The U.S. is are not without leverage in Ukraine, and the world is watching.
On the possibilities of negotiating with Iran—and the tricky work of letting allies know we're serious about stopping Tehran's nukes
Is Syria finished?
What was supposed to be the Syrian phase of the so-called "Arab Spring" has evolved into one of the greatest tragedies of the twenty-first century. The once-peaceful opposition to Syrian President Bashar al-Assad's deeply entrenched and powerful Ba'ath Party regime has escalated into armed resistance and, finally, a brutal civil war—one that has now claimed close to 100,000 lives. This escalation poses a serious threat, not just to Syria's neighbors, but—given the existence of chemical weapons in Syria—to the international community as well.
The president has many options on Syria—though none is guaranteed to produce a good outcome.
The ultimate goal of the ongoing nuclear negotiations with Iran, the next round of which commences in Moscow on June 18, has always been the same: Determining whether Iran is willing to accept that its nuclear program must be credibly limited in a way that precludes it from being able to turn civil nuclear power into nuclear weapons. The collective approach of the 5+1—the five permanent members of the U.N.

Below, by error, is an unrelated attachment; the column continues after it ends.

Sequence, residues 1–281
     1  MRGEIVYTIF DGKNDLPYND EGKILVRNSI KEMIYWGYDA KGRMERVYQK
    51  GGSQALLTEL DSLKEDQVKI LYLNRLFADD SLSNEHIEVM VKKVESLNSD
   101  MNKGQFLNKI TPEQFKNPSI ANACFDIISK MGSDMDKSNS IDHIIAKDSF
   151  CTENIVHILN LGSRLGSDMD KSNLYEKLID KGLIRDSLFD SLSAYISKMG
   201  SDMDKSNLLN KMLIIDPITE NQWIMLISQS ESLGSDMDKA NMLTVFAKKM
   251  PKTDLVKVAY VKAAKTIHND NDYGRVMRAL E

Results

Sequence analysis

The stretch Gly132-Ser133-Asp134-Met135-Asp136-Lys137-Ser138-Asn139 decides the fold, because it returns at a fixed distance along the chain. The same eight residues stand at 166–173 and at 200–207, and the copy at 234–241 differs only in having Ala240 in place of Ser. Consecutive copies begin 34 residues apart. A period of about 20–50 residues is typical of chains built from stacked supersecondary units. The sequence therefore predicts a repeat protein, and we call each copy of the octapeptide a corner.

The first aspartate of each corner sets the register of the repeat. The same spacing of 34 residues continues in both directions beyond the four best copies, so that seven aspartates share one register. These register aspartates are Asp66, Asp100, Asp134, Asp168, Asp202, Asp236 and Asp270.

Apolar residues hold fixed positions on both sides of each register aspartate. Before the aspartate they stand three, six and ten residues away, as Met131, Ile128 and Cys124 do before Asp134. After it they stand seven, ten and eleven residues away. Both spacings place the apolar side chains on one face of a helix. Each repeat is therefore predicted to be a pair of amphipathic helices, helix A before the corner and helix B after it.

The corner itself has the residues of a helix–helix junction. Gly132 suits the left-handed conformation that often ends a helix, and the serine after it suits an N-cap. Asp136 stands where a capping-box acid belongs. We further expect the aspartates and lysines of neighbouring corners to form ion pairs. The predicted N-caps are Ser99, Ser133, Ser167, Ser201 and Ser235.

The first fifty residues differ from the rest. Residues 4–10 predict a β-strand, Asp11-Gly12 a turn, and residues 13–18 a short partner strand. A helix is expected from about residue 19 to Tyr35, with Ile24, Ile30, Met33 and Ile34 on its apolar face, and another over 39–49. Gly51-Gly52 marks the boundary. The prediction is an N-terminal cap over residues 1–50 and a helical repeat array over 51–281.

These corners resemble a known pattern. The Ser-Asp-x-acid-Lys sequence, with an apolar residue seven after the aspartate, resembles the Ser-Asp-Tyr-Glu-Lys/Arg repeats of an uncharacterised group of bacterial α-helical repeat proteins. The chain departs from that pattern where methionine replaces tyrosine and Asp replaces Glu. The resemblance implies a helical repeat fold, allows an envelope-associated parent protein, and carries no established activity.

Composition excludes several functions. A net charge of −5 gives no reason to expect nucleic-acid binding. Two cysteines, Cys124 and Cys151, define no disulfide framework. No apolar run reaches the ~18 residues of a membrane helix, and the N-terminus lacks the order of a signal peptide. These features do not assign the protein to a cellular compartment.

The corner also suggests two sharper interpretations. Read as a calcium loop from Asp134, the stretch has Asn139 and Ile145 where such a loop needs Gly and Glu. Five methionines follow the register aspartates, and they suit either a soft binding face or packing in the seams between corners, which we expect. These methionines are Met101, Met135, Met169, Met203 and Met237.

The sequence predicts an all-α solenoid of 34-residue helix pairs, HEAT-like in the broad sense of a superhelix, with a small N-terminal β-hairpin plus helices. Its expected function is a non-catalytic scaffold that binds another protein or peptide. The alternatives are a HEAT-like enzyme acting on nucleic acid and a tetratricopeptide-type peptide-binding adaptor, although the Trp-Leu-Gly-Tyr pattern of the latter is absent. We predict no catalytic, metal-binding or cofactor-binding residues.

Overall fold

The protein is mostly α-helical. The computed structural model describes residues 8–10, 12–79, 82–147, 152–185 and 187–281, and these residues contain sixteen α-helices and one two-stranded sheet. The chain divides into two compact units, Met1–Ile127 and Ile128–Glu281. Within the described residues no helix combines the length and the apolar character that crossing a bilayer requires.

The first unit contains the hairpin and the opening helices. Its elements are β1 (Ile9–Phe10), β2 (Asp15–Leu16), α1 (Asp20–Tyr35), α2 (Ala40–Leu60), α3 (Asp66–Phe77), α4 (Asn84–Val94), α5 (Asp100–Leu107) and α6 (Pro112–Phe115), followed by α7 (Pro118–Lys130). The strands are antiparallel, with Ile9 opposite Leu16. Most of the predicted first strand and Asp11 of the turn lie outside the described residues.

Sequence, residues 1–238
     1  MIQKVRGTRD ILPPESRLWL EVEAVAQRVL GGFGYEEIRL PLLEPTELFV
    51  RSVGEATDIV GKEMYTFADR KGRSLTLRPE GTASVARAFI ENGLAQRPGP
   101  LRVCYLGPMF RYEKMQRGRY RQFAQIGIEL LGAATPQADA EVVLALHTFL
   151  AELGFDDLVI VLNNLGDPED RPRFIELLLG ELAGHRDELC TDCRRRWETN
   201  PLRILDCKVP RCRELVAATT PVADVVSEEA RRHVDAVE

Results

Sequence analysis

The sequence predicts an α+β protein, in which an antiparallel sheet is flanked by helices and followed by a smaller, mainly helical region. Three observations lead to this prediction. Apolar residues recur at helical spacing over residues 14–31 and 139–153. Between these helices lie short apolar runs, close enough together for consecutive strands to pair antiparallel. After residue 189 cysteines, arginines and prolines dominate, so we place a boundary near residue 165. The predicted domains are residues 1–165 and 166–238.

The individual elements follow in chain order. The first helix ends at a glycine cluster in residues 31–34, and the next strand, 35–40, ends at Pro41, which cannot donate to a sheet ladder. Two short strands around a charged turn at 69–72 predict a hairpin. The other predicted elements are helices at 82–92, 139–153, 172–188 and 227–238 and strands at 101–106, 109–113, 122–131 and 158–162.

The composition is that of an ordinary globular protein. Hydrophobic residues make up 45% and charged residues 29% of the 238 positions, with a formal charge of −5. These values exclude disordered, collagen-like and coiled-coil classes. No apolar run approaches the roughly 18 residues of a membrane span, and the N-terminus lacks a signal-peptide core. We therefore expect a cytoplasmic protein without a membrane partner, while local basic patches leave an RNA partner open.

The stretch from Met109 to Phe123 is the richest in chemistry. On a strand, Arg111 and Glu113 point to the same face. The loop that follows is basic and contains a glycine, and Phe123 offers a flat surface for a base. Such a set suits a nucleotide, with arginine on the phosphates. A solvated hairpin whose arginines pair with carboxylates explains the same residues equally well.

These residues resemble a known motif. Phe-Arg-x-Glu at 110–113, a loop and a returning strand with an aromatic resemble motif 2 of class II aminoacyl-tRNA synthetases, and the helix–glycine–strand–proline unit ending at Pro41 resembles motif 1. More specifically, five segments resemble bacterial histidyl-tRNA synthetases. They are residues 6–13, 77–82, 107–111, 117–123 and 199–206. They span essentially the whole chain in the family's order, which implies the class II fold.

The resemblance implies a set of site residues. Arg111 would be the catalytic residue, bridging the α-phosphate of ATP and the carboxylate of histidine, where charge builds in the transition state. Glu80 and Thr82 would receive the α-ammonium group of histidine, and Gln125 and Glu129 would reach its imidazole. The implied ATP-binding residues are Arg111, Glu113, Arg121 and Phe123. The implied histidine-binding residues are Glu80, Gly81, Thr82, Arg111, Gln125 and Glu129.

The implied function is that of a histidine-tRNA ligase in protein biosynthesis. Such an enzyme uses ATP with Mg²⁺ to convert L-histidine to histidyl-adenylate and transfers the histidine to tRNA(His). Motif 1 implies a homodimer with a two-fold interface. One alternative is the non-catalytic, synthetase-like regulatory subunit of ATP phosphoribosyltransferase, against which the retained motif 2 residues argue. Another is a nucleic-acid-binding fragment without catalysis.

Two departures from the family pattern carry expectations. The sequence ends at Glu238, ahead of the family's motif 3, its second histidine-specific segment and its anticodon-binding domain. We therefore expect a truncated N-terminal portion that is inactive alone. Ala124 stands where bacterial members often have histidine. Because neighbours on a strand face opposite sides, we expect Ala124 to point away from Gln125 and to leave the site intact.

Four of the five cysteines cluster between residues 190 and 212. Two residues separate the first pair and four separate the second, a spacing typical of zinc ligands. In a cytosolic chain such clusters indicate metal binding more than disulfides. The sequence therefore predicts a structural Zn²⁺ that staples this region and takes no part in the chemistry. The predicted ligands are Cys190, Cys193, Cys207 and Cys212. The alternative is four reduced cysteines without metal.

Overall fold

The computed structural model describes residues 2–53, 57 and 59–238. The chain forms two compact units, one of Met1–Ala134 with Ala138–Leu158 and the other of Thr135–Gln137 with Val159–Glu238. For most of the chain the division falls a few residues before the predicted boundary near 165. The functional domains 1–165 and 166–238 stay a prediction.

Senator John McCain often attacks the two Democratic presidential front-runners for their soft stance on Iraq. “Senator Clinton and Senator Obama will withdraw our forces from Iraq based on an arbitrary timetable designed for the sake of political expediency," he recently said, "which recklessly ignores the profound human calamity and dire threats to our security that would ensue.” His critiques are clearly overstated.
If you buy this reading of events, you must accept a certain irony. It is fashionable in some quarters to say that U.S. identification with Israel produces hostility against us in the Islamic world. But, in actuality, Israel may be paying a price for the U.S.-led effort to pressure Iran to give up its nuclear aspirations. Those who view the Israeli offensive in Lebanon as counterproductive to U.S. foreign policy miss an emerging reality: Iran is waging a struggle to achieve regional dominance that threatens the United States and all its friends in the Middle East.